The current RDA of 75 milligrams for women was set by the Food and Nutrition
Board of the National Academy of Sciences based on data that had been gathered
for men, says Dr. Mark Levine, chief of NIDDK’s Molecular and Clinical Nutrition
Section and lead author of the study. "With the new data, we can make a more
accurate recommendation for women."
Using Food and Nutrition Board criteria, Levine, NIDDK colleagues Dr. Yaohui
Wang and Dr. Sebastian Padayatty, and Dr. Jason Morrow of Vanderbilt studied
long-term vitamin C uptake in 15 women. The healthy women, aged 19 to 27, were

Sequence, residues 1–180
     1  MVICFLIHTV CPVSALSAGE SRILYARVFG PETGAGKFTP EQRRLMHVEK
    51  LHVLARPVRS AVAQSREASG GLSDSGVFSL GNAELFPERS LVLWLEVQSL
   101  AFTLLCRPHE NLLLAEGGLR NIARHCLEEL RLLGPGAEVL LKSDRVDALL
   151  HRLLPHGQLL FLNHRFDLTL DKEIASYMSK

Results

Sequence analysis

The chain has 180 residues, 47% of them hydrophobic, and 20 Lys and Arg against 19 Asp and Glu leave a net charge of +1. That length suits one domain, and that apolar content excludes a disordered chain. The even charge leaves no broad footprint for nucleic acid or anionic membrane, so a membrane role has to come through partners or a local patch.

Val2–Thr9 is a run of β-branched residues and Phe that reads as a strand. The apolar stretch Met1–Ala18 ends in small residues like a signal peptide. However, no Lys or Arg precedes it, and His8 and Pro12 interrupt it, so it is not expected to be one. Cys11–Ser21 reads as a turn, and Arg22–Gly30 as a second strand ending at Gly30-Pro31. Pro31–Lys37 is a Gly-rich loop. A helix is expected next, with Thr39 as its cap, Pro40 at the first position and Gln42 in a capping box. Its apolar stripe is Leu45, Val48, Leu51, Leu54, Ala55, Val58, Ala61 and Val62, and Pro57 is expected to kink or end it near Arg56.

evaluated from 158 to 214 days at NIH. After they were put on a diet that depleted
them of vitamin C, the women received daily vitamin C doses that varied from 30 to
2,500 milligrams. The researchers found that at doses of 100 to 200 milligrams, cells
and blood plasma nearly reached their saturation points for vitamin C. The authors
believe their study is the first to describe the relationship between vitamin C doses
and steady-state concentrations in healthy young women.
Vitamin C clearly prevents deficiency diseases like scurvy, but what higher
concentrations might do is unclear. Levine says eating five fruits and vegetables daily
would give a healthy woman approximately 200 milligrams of vitamin C and provide
other health benefits such as decreased cancer risk.